For those who love the Star Wars franchise as I do, The Force Awakens will hit all the right beats and satisfy the plethora of fans. It’s the Star Wars film we all wanted The Phantom Menace to be back in 1999, a film which is not nearly as bad as it’s been deemed, but also not nearly as good as it could (or should) have been. The Force Awakens is narratively and thematically an exact parallel to the original 1977 film–I’m tempted to call it An Old Hope. (The closest cultural parallel I can think of is Ryan Adams’ recent remake of Taylor Swift’s 1989 album. Both albums stand alone as catchy well-crafted pop music, and Adams does take a divergent approach with his tone and production. It’s the same, but not identical. Such it is with A New Hope and The Force Awakens.) I’m also tempted to write my review entirely from the bits and pieces of better reviews and analyses I’ve read over the past few days, something which filmmaker J.J. Abrams does quite effectively in the newest episode in the Star Wars saga. Still, I hope to have something original to contribute to the conversation, but I will warn you here: this review briefly goes into spoiler territory. It serves more as an analysis of what worked/didn’t work in The Force Awakens, as well as an exploration into the ideas it presents.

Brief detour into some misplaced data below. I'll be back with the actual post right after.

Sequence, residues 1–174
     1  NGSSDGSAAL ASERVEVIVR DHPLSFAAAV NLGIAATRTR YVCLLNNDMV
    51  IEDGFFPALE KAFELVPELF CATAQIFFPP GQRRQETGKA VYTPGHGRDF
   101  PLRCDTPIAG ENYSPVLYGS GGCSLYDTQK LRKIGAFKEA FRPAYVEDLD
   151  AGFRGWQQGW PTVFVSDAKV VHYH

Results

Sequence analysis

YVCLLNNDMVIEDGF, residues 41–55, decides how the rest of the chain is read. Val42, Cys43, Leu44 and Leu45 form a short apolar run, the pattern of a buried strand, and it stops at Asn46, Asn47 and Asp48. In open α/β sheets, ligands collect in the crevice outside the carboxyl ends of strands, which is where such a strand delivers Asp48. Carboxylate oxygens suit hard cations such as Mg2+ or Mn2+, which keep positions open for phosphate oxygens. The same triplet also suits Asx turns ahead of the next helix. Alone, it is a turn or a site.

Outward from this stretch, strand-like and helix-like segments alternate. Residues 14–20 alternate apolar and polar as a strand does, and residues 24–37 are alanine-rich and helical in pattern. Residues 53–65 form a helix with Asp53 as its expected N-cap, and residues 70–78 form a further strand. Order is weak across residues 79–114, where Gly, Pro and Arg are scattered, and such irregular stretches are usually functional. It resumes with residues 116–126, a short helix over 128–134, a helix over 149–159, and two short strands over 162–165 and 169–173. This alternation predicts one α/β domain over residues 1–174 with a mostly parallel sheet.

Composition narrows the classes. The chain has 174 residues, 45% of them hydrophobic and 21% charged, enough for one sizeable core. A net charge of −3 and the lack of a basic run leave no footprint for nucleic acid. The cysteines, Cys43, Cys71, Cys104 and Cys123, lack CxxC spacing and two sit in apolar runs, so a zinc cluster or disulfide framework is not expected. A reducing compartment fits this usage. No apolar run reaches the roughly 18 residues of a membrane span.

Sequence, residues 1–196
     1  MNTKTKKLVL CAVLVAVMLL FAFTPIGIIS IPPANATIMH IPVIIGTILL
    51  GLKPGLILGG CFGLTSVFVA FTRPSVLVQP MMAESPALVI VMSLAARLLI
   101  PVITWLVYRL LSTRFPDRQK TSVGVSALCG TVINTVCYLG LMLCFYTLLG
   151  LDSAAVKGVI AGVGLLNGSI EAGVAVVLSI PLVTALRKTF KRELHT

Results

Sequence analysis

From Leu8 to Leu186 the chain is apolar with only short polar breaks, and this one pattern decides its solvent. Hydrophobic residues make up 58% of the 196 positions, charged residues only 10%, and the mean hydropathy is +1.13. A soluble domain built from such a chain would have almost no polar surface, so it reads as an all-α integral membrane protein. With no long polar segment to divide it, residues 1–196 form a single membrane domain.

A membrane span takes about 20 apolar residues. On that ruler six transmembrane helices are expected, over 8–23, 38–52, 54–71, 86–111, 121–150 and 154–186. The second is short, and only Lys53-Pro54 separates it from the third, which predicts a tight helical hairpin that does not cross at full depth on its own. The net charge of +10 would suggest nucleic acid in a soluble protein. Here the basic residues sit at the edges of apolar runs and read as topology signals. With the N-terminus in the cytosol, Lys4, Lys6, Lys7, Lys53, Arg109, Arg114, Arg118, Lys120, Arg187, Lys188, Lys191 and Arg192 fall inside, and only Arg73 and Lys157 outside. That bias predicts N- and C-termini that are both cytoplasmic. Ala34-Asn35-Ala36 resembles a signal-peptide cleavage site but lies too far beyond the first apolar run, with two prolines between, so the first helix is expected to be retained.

While old friends are back in this film beyond cameo roles–Han and Chewie are key characters and get plenty of screen time–The Force Awakens‘ strongest elements lie in its emerging generation. Daisy Ridley is absolutely astonishing as Rey, and gives one of the best acting performances of any character in any Star Wars film yet. She is reminiscent of the better parts of Luke Skywalker with her youthful enthusiasm and untapped potential in the ways of the Force. Yet she is wholly her own character with an intriguing backstory and a principled independence. She can fight, she can fly, and she exhibits both strength and compassion, without ever becoming sexualized or solely an action star. As such, she’s a genuine feminine role model within the Star Wars mythos, and one of the more notable female protagonists in a year filled with great ones (e.g. Mad Max: Fury Road, The Assassin, Inside Out, and Mission: Impossible – Rogue Nation). Rey’s story is a coming-of-age tale akin to Luke’s in A New Hope, just with a bit more loose ends which will need exploring in the further sequels.